The 35mm projectors and improved sound in Palevsky made it the ideal place to revisit Aliens, Platoon, and Die Hard. (Where else is Alan Rickman’s “Benefits of a classical education” line going to get the biggest response of the night?) The new home also reinvigorated the weekend wordplay on Doc’s calendars, which could now run with “Gorillas in the Max,” “Dances with Maxes,” and “The Last Temptation of Max.” But nothing can top the epic name for Winter 1990. Someone saw “Doc the Right Thing” just sitting there, but they went for the brass ring instead: “It’s the Coldest Night of the Weekend, You Can Do Nothing, You Can Do Something, or You Can Do the Doc Thing!”

Archival Doc films movie posters
Over the decades, how many post-Doc conversations at the Pub or the Med did cinema-changing directors like John Cassavetes and Michelangelo Antonioni inspire? Doc has also spotlighted the work of craftsmen like Budd Boetticher and Gerd Oswald, who were equally comfortable in movies and television. (Documentary Film Group Records, Hanna Holborn Gray Special Collections Research Center, University of Chicago Library; photography by Nathan Keay)

No weekend at Doc was complete, however, without the next-day rehashes at our house table in Burton-Judson. Teasing out the Kafka references in Scorsese’s After Hours. How did a friend’s strategic mistake of a first date at Blue Velvet go? (Better than expected: 35 years later, they’re still married.) The stunned, sheepish, that’s-not-my-Playboy averted glances the morning after many of us saw 9 1/2 Weeks. The first-year sitting down to breakfast with no eyebrows, as if answering the prompt Tell us you just saw Pink Floyd: The Wall without saying a word. Mercilessly razzing our RA when he told us, “You guys don’t get St. Elmo’s Fire because you’re not about to graduate and leave all this behind.”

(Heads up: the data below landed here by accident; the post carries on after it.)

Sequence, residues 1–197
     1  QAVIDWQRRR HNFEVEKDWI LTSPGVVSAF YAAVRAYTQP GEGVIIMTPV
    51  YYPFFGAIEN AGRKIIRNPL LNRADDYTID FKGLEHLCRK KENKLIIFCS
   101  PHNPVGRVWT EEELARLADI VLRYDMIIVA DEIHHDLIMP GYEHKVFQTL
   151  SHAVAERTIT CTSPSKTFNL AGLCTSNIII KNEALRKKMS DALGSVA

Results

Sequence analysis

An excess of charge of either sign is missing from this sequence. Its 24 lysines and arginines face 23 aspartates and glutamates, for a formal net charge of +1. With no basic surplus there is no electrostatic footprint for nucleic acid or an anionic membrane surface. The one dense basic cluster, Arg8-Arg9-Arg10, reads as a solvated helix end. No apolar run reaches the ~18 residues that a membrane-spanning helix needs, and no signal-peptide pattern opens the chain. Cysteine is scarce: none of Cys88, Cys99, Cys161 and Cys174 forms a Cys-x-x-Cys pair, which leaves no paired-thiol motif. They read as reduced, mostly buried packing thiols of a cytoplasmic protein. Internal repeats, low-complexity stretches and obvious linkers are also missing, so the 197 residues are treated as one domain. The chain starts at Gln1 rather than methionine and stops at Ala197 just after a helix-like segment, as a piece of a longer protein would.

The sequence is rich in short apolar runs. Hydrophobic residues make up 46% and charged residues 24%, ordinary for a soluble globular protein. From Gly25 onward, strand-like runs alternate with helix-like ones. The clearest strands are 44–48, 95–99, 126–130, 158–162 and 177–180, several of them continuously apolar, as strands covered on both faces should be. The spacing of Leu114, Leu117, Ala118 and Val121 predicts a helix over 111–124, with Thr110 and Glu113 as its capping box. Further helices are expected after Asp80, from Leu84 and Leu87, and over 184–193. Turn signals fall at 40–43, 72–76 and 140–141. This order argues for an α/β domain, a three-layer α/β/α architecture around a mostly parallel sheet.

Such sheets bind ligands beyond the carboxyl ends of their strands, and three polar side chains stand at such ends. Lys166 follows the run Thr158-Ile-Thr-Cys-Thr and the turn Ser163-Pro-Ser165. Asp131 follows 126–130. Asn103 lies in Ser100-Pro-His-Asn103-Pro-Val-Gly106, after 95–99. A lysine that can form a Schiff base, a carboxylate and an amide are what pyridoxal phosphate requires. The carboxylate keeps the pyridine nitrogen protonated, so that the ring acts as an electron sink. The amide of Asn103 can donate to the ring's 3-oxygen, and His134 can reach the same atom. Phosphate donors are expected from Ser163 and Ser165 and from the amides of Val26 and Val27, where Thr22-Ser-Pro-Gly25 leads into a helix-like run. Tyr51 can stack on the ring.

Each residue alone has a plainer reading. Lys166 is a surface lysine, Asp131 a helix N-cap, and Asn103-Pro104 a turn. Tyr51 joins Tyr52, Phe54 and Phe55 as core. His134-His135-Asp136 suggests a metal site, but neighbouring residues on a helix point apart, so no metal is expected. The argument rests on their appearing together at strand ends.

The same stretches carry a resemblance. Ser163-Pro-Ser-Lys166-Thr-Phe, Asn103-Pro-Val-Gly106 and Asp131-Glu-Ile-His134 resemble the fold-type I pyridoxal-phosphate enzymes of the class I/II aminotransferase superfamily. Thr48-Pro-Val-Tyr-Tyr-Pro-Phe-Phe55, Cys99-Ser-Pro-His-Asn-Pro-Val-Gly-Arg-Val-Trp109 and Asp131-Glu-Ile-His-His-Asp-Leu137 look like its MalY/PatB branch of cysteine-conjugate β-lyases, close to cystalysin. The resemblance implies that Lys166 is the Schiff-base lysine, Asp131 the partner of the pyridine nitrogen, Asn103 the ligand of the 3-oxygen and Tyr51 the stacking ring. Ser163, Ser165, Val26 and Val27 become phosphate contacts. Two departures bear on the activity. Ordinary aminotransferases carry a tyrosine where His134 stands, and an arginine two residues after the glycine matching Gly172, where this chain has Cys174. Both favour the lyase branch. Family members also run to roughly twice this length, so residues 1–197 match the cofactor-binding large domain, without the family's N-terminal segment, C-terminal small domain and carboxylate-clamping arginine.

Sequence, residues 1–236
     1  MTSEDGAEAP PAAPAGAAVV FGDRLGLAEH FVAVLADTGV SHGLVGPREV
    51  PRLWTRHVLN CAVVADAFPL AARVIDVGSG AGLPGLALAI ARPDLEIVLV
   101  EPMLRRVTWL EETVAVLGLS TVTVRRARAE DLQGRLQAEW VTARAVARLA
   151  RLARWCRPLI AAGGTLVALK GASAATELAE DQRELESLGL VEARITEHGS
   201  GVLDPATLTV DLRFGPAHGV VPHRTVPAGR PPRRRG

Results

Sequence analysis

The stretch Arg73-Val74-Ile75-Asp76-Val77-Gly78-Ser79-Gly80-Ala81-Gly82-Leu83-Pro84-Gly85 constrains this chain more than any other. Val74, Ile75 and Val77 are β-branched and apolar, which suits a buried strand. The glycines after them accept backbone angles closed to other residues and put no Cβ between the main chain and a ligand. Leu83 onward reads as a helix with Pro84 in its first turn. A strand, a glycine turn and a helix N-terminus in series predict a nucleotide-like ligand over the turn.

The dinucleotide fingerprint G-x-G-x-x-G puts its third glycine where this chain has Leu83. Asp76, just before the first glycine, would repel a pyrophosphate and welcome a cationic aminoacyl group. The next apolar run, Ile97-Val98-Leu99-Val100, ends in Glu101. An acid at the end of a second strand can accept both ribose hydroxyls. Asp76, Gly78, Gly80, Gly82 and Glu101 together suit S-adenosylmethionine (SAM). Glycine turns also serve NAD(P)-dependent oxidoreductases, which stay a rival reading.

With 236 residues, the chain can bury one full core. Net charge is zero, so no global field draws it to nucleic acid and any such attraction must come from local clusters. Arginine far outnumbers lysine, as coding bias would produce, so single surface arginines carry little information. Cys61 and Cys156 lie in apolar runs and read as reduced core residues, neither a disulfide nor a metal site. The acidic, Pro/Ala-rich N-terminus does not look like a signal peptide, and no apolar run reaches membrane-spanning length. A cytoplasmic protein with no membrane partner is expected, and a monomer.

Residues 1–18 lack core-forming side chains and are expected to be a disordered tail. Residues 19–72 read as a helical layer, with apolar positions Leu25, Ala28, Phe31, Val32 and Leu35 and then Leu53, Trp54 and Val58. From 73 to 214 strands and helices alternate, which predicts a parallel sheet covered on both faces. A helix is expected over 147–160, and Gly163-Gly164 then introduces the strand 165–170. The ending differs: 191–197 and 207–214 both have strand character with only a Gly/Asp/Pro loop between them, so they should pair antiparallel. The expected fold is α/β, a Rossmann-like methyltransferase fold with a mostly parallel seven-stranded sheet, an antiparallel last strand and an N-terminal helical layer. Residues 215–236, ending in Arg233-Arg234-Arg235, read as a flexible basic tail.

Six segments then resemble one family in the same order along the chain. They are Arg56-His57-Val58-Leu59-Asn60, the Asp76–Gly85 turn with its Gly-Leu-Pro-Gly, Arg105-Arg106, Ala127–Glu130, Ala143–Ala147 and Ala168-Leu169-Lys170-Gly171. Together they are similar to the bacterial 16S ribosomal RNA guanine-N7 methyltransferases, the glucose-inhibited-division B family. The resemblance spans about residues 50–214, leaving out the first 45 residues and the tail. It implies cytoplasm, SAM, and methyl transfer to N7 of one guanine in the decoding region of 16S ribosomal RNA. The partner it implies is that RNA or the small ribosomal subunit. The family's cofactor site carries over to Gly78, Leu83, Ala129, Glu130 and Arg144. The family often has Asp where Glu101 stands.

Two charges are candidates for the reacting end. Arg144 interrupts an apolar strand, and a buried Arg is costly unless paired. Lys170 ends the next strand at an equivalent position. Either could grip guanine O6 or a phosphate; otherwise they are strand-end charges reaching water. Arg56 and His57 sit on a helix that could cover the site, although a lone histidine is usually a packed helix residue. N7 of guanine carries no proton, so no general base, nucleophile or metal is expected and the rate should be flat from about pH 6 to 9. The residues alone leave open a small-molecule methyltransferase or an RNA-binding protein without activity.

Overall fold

Today, much of my DVD and Blu-ray collection is a catalog of movies I first saw at Doc: Quadrophenia. Klute. Paris, Texas. My Beautiful Laundrette. Kurosawa’s Ran. True Stories. Bill Duke’s Deep Cover. Kieślowski’s Three Colors trilogy. Way too much Jim Jarmusch and Mike Leigh. Call it mildly pretentious in a Eurocentric way if you want (you’ll also find Animal House, plenty of Schwarzenegger, and a near-complete set of Tony Scott’s work mixed in there); it’s half-art, half-nostalgia for me.

I can’t remember the first movie I saw at Doc. I do remember the last thing I saw there, because I wouldn’t be in a movie theater again for more than two years. On February 22, 2020, I drove down to Hyde Park from the North Side to see Jane Campion’s An Angel at My Table. I’d meant to see it for years, and Doc showing a nifty new print seemed the perfect opportunity.

Doc has survived the ongoing pandemic and the onslaught of streaming. (Who’s going to say it’s more fun to watch Dazed and Confused on a laptop in their dorm room than to sink into Aerosmith’s “Sweet Emotion” and Matthew McConaughey’s drawl with 300 fellow moviegoers?) All the other theaters I trekked to from Hyde Park back in the day—the Fine Arts on South Michigan Avenue; the United Artists in the Loop; the Esquire, Water Tower Place, McClurg Court, and Chestnut Station north of the river; the Biograph in Lincoln Park—are gone. The Doc abides.